Drawings and paintings
Mikhail Yuryevich Lermontov was fond of drawing and painting throughout his short life. He showed a love for fine art from a very young age: “… he was happily gifted with art abilities; even then he painted quite decently with watercolors and sculpted whole pictures from dyed wax… ”wrote Akim Pavlovich Shan-Girey, recalling his childhood.

His first drawing teacher was the artist Alexander Stepanovich Solonitsky, who was preparing Lermontov to enter the Pension. Later, Lermontov took painting lessons from Peter Efimovich Zabolotsky, the author of two portraits of Lermontov painted in oil in 1837 and 1840. In the youthful works of Lermontov, the influence of Rembrandt is noticeable, especially in watercolor portraits, where the Rembrandt system of black and white contrasts is used.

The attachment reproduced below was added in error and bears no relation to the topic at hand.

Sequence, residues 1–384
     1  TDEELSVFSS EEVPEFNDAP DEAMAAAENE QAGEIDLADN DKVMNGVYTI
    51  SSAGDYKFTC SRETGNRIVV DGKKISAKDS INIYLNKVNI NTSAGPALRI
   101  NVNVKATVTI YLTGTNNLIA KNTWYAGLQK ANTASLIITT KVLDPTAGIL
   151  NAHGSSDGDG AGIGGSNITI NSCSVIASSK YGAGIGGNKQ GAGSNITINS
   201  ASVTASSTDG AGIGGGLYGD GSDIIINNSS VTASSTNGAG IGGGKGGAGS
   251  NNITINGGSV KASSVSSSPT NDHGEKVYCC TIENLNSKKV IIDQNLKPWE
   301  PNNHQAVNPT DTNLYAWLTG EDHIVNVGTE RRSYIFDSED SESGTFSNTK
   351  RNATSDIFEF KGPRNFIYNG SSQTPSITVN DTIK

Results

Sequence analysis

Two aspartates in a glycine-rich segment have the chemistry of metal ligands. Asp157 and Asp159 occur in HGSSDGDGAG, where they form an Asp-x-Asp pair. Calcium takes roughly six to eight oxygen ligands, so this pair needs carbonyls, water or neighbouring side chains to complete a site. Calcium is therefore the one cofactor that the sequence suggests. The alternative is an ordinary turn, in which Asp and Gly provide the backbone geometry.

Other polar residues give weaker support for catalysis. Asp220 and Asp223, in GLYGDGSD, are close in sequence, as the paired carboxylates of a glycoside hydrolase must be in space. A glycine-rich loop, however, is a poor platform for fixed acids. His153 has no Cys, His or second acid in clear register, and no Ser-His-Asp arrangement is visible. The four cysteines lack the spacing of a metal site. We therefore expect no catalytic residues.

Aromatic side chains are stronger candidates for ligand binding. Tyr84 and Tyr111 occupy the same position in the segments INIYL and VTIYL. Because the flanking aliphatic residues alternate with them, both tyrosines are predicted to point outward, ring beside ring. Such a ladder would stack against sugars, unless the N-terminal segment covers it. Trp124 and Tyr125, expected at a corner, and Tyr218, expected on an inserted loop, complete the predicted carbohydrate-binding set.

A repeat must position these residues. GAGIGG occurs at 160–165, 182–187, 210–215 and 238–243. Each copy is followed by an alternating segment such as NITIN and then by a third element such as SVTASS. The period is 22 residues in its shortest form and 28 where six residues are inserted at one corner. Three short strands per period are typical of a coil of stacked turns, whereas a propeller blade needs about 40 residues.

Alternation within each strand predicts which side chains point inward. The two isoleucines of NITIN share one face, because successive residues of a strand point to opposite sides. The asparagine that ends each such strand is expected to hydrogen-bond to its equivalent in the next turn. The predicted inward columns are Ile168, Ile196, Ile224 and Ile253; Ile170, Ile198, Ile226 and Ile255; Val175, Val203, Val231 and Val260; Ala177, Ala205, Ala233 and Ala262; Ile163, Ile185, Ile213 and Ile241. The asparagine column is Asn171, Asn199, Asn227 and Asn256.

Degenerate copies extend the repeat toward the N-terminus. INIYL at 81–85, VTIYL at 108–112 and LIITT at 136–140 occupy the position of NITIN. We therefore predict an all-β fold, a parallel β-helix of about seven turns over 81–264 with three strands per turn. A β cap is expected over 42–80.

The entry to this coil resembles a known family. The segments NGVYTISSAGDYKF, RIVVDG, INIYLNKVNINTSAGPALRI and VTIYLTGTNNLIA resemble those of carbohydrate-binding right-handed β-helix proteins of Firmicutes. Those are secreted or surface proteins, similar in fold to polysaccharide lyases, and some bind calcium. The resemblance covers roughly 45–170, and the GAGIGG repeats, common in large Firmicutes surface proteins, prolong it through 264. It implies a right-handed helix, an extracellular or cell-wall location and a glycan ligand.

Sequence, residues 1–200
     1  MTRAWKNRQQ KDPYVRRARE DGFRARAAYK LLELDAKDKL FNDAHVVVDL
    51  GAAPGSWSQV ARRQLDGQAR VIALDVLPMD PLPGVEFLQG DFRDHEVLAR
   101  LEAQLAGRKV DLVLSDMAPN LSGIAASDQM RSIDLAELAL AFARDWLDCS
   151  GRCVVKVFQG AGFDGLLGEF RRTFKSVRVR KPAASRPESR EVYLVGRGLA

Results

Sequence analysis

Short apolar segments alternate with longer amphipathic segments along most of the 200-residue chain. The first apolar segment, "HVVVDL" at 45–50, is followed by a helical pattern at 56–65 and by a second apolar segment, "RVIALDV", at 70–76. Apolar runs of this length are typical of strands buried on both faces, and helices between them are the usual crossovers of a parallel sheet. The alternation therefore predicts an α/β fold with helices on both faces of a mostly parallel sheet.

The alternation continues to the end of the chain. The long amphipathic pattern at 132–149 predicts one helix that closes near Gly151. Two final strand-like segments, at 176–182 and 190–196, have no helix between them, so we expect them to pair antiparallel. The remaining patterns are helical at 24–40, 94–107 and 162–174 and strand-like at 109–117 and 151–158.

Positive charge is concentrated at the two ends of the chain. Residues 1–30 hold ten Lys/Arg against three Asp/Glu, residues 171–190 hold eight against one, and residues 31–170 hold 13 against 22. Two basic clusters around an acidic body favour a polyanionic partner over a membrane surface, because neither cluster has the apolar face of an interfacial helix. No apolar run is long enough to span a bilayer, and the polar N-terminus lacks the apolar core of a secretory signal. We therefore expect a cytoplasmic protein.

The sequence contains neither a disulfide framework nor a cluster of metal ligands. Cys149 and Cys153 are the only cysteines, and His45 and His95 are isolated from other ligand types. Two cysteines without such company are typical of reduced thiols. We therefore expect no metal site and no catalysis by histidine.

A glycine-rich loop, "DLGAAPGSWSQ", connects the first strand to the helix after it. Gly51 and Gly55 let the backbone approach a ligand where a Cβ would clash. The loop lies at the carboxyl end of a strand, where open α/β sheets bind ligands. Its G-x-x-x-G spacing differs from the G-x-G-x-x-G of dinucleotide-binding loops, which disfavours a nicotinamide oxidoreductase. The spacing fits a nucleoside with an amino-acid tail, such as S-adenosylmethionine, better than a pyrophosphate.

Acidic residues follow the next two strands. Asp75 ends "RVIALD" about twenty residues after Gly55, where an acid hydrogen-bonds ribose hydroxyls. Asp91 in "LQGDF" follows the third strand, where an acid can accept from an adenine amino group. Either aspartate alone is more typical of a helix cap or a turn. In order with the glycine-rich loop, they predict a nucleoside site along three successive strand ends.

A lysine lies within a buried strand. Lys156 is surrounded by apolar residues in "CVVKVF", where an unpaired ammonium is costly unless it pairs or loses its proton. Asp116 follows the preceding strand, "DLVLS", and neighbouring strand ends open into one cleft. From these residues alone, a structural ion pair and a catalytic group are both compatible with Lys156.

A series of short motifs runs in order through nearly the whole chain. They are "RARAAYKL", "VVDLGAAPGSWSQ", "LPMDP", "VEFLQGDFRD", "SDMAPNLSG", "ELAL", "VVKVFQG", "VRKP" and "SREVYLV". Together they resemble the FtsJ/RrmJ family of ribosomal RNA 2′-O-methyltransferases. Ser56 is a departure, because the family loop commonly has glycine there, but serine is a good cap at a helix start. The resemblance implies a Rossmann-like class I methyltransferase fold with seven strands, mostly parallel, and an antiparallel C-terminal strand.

Alexandra Mikhailovna Vereshchagina in a letter to Lermontov in Petersburg in 1835 wrote: “… As for your drawing, they say that you are making amazing progress, and I willingly believe that; I beg you, Michel, do not give up this gift, the picture you sent to Alexei [Lopukhin] is charming ”.

Lermontov-artist’s works on themes and genre signs are divided into the following groups: 1) military theme; 2) landscapes; 3) portraits; 4) caricatures; 5) genre scenes; 6) sketches and drawings without a specific plot (heads, riders, military and horses, etc.); 7) illustrations, including several auto-illustrations, for example, the frontispiece to the poem “The Caucasian Prisoner”, made by gouache (1828), sketches for the poem “Vadim”, an autograph of the poem “In the Wild North…”.

His best works are connected with the Caucasus and interpreted in the spirit of romantic painting, created during and after the first link.

A series of Lermontov’s oil paintings has been preserved, many watercolors, pen, sepia, and pencil drawings. However, many of Lermontov’s drawings and paintings are considered lost.

House-Museum History